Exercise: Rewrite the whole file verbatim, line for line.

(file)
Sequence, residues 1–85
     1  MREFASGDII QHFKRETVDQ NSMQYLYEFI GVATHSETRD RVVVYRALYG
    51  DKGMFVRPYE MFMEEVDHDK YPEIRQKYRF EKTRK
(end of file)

Sequence, residues 1–85
     1  MREFASGDII QHFKRETVDQ NSMQYLYEFI GVATHSETRD RVVVYRALYG
    51  DKGMFVRPYE MFMEEVDHDK YPEIRQKYRF EKTRK